Shapiro reports that "Stone Fox Chase" was one of the staples of DJ sets in the pre-Saturday Night Fever years of gay New York disco. According to Shapiro, DJ Ray Yeates was fond of spinning the record at the Tenth Floor, a pioneering gay "clone club" of the pre-AIDS Gotham sexual underground. Shapiro provides a description of "Stone Fox Chase" that immediately made me bolt up and run to my computer to confirm via wikipedia that I had not accidentally overdosed on raw-sheep's-milk stilton or mescaline and dreamt it up: "an utterly bizarre record made by Nashville's most famous session musicians that sounded like the backwoods family in Deliverance jamming with the percussionists from the Last Poets records."

My researches confirmed that Area Code 615 did in fact exist. After I tracked down their collected works, I feel comfortable asserting that they had the best idea for a band ever: Nashville "A-Team" studio pros cut loose on laid-back, vaguely afro-cuban pyschedelic country instrumentals in the patchouli haze of late-1960s Music City. Ever fixated on hot pedal steel music, I was particularly moved to droolage by the fact that Connie Smith's amazing steel player, Weldon Myrick, held down the steel chair in the band.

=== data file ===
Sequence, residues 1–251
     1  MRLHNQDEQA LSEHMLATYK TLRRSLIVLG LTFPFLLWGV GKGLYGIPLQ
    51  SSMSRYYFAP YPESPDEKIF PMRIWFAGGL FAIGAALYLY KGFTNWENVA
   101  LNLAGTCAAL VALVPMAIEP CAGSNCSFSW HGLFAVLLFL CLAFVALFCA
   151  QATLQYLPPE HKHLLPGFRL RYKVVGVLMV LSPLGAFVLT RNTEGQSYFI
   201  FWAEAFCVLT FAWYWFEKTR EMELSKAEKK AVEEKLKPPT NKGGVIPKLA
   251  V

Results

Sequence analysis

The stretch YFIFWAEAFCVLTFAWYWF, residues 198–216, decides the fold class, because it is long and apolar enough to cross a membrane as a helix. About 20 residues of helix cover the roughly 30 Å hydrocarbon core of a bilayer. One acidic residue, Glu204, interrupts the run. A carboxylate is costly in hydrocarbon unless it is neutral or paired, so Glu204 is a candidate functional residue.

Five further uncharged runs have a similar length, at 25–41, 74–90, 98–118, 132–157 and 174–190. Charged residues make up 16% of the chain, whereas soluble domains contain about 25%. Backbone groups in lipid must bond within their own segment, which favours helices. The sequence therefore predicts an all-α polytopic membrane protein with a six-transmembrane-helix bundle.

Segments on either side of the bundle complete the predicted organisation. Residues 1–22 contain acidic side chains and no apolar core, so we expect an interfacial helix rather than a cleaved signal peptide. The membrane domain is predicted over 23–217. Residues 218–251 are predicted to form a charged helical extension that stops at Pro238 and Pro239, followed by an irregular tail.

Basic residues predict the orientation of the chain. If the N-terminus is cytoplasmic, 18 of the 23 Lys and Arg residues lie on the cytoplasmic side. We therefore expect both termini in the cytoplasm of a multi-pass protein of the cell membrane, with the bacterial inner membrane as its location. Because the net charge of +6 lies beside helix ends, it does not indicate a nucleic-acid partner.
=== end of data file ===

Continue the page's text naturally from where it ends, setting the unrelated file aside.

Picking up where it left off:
The centerpiece of the band, however, was harmonica player Charlie McCoy. Normally I hate the harmonica, but Charlie McCoy is an exception-- his playing is gritty and aggressive and rooted in the ornamental language of southern fiddle music. The rest of the group--fiddle great Buddy Spicher; guitarists Wayne Moss and Mac Gayden; and drummer Kenny Buttrey, who played on Blonde on Blonde and Tonight's The Night-- are insanely great. The trade-off between bluesy, fuzz-laden southern rock guitar licks and squeaky clean country picking is consistently arresting... something like Grand Ole Opry cut-to-commercial cues as perfect minimalist/nostalgia furniture music.